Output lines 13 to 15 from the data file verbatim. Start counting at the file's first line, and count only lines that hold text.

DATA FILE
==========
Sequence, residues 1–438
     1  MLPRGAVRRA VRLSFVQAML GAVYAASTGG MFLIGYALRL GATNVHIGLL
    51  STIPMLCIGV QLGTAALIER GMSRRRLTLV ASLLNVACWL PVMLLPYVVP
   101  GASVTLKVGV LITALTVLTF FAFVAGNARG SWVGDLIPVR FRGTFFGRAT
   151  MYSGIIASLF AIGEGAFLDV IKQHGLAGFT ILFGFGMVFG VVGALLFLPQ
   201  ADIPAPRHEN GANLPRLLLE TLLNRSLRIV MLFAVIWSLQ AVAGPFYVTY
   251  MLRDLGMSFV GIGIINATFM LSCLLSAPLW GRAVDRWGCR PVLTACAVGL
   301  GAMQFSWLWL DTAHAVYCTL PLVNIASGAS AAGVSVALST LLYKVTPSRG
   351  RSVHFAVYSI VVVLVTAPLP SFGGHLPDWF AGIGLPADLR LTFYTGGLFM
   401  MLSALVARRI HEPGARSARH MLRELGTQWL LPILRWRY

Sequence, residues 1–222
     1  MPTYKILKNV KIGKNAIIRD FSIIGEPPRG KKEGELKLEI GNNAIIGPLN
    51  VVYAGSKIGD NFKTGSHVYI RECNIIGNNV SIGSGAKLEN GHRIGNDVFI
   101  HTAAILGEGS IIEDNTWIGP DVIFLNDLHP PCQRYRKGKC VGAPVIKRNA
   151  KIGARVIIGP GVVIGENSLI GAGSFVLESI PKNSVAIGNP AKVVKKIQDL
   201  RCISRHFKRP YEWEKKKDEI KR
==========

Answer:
    51  VVYAGSKIGD NFKTGSHVYI RECNIIGNNV SIGSGAKLEN GHRIGNDVFI
   101  HTAAILGEGS IIEDNTWIGP DVIFLNDLHP PCQRYRKGKC VGAPVIKRNA
   151  KIGARVIIGP GVVIGENSLI GAGSFVLESI PKNSVAIGNP AKVVKKIQDL